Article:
What happened

Shares of Roku (NASDAQ:ROKU) opened Thursday's trading 17.6% lower following the streaming media expert's release of third-quarter results. Ten minutes before noon EST, the stock had recovered somewhat to a drop of 10.4%.

So what

Roku's third-quarter sales rose 50% year over year to $261 million, powered by a 36% increase in the number of active user accounts and 30% higher average revenues per user (ARPU). On the bottom line, net losses more than doubled from $0.09 to $0.22 per share. Your average Wall Street firm had been looking for a wider net loss of $0.28 per share on just $256 million of top-line revenues, so Roku exceeded the Street's stated expectations across the board.

But the stock came screaming around the bend into this earnings report, having gained a spectacular 360% year to date at the close of trading on Wednesday. Modest revenue and earnings surprises weren't enough to sustain those lofty gains, so Roku's stock came crashing down.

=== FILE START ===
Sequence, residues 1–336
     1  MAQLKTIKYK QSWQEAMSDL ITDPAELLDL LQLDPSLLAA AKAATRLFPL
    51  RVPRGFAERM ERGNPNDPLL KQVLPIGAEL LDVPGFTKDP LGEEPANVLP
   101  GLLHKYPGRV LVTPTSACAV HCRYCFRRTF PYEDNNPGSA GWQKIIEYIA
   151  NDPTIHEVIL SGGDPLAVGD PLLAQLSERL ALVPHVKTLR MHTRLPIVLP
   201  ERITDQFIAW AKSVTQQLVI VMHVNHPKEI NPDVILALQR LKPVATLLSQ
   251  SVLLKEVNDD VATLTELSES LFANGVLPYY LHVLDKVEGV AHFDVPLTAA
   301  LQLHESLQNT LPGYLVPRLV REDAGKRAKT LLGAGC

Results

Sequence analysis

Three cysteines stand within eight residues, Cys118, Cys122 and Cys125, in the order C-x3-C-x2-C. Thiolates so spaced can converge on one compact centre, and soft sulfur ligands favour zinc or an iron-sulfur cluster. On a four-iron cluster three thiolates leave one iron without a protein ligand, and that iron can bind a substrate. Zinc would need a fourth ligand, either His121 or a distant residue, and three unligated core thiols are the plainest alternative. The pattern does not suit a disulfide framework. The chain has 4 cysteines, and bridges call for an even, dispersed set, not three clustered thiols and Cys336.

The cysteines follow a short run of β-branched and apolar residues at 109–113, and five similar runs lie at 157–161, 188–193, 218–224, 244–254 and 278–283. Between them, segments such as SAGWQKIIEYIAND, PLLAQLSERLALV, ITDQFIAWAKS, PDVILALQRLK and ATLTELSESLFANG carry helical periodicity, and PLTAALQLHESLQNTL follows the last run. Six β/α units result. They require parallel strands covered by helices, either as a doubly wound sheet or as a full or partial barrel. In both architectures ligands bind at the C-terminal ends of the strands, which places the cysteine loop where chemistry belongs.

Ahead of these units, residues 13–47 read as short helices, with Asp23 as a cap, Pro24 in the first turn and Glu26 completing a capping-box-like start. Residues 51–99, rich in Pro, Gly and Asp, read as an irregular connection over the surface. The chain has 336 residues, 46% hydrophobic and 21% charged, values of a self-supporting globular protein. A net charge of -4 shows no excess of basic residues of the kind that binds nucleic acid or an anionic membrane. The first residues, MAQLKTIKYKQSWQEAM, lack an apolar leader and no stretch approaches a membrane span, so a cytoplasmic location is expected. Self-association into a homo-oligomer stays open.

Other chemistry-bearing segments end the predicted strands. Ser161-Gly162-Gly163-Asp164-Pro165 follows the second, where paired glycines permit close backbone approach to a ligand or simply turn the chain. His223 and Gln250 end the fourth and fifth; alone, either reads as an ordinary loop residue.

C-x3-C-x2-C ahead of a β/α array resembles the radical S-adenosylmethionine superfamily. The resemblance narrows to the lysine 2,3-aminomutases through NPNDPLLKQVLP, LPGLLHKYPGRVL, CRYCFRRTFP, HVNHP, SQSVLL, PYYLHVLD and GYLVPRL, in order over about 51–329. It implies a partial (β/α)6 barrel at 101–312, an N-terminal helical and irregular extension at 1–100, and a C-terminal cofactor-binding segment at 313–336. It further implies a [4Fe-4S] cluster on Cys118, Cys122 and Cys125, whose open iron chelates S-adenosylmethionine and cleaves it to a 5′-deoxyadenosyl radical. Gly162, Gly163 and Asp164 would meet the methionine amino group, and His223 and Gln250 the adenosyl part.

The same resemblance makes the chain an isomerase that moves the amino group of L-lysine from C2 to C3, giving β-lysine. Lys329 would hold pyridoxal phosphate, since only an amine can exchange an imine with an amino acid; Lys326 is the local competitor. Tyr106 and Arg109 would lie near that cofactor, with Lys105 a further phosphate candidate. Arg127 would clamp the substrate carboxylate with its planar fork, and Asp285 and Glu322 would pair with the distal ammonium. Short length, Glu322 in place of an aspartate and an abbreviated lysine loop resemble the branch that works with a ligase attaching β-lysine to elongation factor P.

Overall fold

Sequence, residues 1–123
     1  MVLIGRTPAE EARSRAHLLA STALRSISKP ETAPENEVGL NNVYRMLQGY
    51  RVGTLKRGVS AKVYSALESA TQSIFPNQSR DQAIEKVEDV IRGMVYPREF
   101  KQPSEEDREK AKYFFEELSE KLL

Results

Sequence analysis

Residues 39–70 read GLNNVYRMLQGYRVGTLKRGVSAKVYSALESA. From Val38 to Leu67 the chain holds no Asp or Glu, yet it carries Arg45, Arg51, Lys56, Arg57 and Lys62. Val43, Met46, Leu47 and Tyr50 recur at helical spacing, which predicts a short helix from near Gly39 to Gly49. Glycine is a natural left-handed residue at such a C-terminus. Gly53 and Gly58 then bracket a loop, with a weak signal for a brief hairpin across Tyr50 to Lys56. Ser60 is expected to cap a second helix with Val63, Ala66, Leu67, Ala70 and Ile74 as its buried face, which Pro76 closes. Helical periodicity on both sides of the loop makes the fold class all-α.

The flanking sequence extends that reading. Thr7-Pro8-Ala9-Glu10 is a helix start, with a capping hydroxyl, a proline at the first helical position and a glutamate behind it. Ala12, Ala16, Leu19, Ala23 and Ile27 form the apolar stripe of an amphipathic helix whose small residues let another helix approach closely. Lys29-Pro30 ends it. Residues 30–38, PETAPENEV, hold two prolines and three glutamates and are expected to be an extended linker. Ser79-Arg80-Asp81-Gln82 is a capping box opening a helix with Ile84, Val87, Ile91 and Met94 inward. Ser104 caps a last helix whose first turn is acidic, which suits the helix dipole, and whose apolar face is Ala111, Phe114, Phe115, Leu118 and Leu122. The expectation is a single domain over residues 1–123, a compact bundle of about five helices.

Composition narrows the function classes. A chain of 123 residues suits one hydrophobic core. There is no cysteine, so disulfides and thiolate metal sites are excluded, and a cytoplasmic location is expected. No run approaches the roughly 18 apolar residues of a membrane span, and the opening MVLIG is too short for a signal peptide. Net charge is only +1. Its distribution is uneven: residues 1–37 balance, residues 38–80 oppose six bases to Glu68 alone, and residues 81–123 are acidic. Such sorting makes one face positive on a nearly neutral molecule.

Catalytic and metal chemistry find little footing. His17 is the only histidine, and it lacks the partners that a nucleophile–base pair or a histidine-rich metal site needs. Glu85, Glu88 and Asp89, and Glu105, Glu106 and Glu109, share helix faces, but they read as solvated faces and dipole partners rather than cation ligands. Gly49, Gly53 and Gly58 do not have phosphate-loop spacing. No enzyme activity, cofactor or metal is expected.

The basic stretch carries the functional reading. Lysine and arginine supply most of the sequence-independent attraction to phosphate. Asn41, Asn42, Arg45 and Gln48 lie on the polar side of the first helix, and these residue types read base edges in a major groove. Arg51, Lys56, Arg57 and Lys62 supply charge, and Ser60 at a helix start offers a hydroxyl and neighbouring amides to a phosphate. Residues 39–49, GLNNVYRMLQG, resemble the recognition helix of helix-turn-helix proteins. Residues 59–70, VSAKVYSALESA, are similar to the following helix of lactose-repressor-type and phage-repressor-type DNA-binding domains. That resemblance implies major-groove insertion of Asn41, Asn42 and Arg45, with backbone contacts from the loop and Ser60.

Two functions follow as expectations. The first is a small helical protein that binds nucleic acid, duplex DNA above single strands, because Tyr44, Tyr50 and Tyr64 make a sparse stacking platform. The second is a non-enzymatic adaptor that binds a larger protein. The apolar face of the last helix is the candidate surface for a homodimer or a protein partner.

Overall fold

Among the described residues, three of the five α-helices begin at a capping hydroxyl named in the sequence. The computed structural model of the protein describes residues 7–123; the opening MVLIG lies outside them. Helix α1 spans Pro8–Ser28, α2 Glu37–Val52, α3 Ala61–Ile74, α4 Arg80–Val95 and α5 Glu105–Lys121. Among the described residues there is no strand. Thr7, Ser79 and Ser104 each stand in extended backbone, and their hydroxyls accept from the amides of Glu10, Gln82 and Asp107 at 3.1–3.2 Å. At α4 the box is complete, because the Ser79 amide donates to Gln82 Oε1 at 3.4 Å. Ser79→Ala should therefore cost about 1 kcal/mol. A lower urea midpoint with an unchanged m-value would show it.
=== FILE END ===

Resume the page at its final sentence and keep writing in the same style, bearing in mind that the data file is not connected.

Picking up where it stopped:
A young couple cuddling on the couch with a bucket of popcorn. The man embraces his lady friend, who peeks nervously at the screen through her fingers.

Image source: Getty Images.

Now what

Don't take my word for the reasons behind Roku's drop. Wall Street generally agrees.

Analyst firm Guggenheim lowered its price target on Roku's stock from $170 to $150, noting that this quarter's surprises were smaller than usual. RBC Capital boosted its targets from $155 to $160, still citing a "much smaller" revenue beat than Roku delivered in the first and second quarters of 2019. Morgan Stanley said that Roku's sky-high valuation in spite of negative earnings basically requires "continued upside surprises."

Against that backdrop, it's not surprising to see Roku's shares take a big hit on a report that simply wasn't incredibly impressive. Good enough isn't always good enough when you're investing in skyrocketing market darlings -- like Roku.